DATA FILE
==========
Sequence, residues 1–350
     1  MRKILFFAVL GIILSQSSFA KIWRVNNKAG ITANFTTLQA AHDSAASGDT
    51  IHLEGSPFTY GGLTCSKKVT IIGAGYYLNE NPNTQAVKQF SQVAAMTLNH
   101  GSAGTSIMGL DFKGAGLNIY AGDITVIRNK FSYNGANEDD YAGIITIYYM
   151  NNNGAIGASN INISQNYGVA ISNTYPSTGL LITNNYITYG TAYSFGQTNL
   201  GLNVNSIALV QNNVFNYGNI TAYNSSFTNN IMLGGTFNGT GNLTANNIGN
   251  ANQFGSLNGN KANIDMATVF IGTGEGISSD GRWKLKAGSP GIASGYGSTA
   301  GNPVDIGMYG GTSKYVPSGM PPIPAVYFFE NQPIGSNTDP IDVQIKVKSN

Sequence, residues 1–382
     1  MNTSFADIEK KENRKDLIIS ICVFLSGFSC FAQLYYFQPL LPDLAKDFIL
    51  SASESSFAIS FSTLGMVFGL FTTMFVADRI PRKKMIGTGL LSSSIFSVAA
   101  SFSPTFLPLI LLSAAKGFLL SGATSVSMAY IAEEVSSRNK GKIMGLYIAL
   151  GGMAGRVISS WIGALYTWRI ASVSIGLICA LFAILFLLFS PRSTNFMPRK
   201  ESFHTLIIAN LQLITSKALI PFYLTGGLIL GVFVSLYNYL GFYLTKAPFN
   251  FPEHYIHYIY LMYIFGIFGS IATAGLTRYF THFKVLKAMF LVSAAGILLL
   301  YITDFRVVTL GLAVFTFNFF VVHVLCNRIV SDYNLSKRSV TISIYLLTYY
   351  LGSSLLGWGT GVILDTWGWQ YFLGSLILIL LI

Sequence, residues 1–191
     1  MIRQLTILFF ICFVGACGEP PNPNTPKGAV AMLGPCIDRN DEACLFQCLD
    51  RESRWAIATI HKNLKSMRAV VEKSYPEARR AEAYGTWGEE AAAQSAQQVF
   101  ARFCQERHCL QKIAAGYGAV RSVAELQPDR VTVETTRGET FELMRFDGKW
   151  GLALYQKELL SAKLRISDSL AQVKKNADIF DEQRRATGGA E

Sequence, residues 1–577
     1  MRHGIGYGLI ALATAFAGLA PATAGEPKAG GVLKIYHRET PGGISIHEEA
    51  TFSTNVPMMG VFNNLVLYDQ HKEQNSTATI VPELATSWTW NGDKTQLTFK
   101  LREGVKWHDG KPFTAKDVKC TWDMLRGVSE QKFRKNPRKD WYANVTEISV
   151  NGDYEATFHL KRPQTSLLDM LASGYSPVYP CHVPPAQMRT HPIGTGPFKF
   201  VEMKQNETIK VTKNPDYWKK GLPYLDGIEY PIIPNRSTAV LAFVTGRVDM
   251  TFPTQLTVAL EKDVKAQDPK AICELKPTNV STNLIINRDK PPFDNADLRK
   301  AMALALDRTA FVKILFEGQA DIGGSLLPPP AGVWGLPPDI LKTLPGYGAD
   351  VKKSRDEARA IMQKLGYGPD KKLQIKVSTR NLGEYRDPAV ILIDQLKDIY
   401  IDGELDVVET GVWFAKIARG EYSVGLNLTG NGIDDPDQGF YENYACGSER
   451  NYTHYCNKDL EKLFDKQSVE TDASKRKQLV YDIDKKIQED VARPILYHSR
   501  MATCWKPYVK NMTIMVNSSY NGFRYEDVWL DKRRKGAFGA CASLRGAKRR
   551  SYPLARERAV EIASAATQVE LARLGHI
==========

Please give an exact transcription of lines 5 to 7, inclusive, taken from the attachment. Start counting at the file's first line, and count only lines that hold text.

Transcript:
   151  NNNGAIGASN INISQNYGVA ISNTYPSTGL LITNNYITYG TAYSFGQTNL
   201  GLNVNSIALV QNNVFNYGNI TAYNSSFTNN IMLGGTFNGT GNLTANNIGN
   251  ANQFGSLNGN KANIDMATVF IGTGEGISSD GRWKLKAGSP GIASGYGSTA